Vinny 2

“Coach” Vinny Viscariello fights the good fight

Wolcott Tech soccer coach Vincenzo Viscariello’s world was turned upside down when he got the bad news that was more difficult to ponder than figuring out how to beat an opponent his soccer team would face. He was told by doctors that tests showed he had stage 4 colon and liver cancer.

“Things are better now,” Viscariello said optimistically. “I have been reacting to the chemotherapy really well.” In late September he will have the right side of his liver and gallbladder removed, and after he recovers from that surgery doctors will be able to “take care of the colon cancer.”  He said, “I’m looking at December before I’m 90 percent or more better.”

After having some digestive issues, Viscariello sought advice from doctors earlier this year. Tests in April showed cancer. “It was a shock but I have been staying positive the whole way,” he said.

One endeavor he will miss while he fights cancer is being with his team this fall. It was a difficult decision to make to step away from coaching, but it was the prudent course to take in light of his condition, surgery and recovery.

 “It took me a bit to make the decision as Ray Tanquay (athletic director) and OWTS have been great to me so I couldn’t go without giving them the news. But it was a very hard decision I had to make for sure.”

Tanquay agreed that it was indeed a tough decision for all concerned, but stepping away was the wise thing for Viscariello to do.

“Vinny is an awesome person and coach. He truly cares about the players, the team, and our school community. Our school and team will miss Vinnie greatly, but we are looking forward to his return next year. We are grateful that Norman LaMere, our PHC Teacher, was able to step in and comes to us with soccer and coaching experience.”

Tanquay said the decision to take a season off never comes lightly, but when it comes to health and family, those two items are always the number one priority at Wolcott Tech. “Vinnie will have time to heal and recover while the team is being directed by LaMere.”

Besides coaching, Viscariello, who lives in Torrington with his wife Deborah, helps out with Tech’s Class Act Program by volunteering with the Christmas Village Parade as well as open houses and school fundraisers. “Our thoughts go out to Vinny and his family for a speedy recovery and return to the soccer field where he is at home,” said Tanquay.

Getting back to coaching serves as an inspiration to Viscariello, who is 57 years old, “I’m definitely looking forward to return to coaching. I don’t know what to do with myself. Watching Serie A (Italy’s top soccer league) on TV helps, but there is nothing better than to be on the soccer field.”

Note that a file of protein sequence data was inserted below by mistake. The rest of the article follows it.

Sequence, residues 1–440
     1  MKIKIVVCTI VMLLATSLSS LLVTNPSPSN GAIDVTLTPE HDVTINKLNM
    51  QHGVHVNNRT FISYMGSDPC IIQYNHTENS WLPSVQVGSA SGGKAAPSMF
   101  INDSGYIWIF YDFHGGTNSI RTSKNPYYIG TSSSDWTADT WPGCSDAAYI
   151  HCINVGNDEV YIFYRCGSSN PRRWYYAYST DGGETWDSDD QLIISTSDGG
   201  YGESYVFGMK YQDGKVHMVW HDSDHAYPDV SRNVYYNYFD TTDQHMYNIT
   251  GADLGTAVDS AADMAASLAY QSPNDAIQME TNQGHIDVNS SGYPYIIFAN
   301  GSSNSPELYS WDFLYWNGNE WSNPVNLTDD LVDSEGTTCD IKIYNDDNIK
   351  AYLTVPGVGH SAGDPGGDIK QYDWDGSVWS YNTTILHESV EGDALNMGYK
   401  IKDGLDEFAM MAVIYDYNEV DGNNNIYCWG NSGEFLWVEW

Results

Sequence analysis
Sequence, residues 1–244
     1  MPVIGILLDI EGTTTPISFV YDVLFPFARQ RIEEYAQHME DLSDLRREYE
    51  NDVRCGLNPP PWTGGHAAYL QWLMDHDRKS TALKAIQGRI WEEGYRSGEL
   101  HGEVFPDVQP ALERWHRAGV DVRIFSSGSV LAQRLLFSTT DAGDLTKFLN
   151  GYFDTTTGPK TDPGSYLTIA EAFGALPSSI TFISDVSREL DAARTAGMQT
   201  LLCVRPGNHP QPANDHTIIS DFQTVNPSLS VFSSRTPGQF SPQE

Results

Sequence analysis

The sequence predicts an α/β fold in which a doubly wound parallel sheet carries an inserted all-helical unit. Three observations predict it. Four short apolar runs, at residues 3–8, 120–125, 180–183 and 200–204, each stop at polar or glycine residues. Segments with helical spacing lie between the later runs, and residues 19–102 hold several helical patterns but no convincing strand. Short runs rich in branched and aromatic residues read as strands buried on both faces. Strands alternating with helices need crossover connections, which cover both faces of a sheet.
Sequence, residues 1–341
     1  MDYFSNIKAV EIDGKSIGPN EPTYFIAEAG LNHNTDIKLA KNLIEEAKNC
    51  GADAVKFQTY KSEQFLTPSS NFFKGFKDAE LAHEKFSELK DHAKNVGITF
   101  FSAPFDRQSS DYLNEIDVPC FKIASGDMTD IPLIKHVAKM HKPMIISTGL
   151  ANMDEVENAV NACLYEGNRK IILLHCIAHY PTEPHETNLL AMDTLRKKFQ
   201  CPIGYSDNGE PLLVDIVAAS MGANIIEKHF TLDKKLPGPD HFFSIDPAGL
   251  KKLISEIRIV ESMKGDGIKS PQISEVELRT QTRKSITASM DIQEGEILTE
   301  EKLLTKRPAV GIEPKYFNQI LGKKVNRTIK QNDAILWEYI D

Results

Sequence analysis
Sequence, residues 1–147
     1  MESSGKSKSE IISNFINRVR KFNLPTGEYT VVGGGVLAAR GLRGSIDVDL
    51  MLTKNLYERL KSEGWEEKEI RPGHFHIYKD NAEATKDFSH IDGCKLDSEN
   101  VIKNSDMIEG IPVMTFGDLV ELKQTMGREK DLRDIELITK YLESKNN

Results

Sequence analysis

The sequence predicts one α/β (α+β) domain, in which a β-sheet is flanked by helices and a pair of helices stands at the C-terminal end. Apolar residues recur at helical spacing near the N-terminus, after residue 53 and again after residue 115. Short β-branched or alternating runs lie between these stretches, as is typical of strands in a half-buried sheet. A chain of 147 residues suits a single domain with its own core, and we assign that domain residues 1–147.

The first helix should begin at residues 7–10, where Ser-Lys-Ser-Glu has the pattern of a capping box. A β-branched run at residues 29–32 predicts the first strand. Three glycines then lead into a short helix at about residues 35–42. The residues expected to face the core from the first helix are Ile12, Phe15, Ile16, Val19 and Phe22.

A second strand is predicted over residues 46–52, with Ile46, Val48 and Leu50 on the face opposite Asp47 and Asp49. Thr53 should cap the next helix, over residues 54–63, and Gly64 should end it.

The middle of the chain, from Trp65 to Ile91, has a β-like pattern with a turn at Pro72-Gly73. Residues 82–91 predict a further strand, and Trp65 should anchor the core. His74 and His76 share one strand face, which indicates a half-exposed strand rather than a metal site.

Besides from Tanquay, Viscariello has received loads of encouragement from other quarters. “The players and their families have been really supportive, as have OWTS staff and administrators. I also have to give a huge shout out to Tony Turina who every Tuesday texts me to see how I’m doing and also has a `Vincenzo Strong’ sign hanging in his coffee shop. And, of course, my family and friends and coaching friends have been great.”

Viscariello plans to keep tabs on his team while he is on the sidelines. This season would have been the fifth he has coached the Wildcats. Viscariello’s teams made the state tournament three times, reaching the second round of the tourney in his third year as mentor. “Also in my third year we had my first All-State player in Marc Rich,” he observed.

Prior to coaching at Tech, Viscariello was an assistant head coach at Housatonic Valley Regional High School in Falls Village, and was a JV soccer coach at OWTS under the late Italo D’Franzo.

He started coaching at the age of 16 for the Torrington Youth Soccer program under the late Gennaro Zaffina. He started playing the game he loves so much when he was five years old, playing on travel teams as he progressed under the direction of former Torrington High School stars Kenny Pearson and Muddy Park. “I played two years at THS for Mike Fritch, Sr. but didn’t play my last two years as I was focusing on my schoolwork,” he explained.

His message to his players as a coach is to give every game 110 percent. “I expect my players to show discipline and leadership on and off the pitch.” As for a favorite team at Tech, he referenced his 2018 squad that started the season 7-2. “This is a hard one but it has to be the team we brought to the second round of states in 2018. Those players were on point and worked with each other very well. They also picked each other up after a missed shot, bad play, or a loss.”

As for his overriding philosophy, Viscariello said, “I love coaching and teaching players who are committed to playing better and then reaching a higher level.”

When asked what he was going to do as he recovers from his condition, Viscariello said quickly that he would follow his Tech team as much as he can. “I don’t know what to do with myself. Like I said,  watching SerieA on TV helps but there is nothing better than to be on the pitch. I’m hoping that I can make a game this year to support the boys.”

Vinnie Viscariello might be relegated to being a spectator this season but he still is part of the soccer program and the Wolcott Tech family. “It’s a great feeling when present and former players go out of their way to come see you. You know you did something right.”

The Wolcott Tech boys soccer team will certainly have their coach on its mind every time they take the field. Nothing will be better than to win one for “Coach Vinny.”

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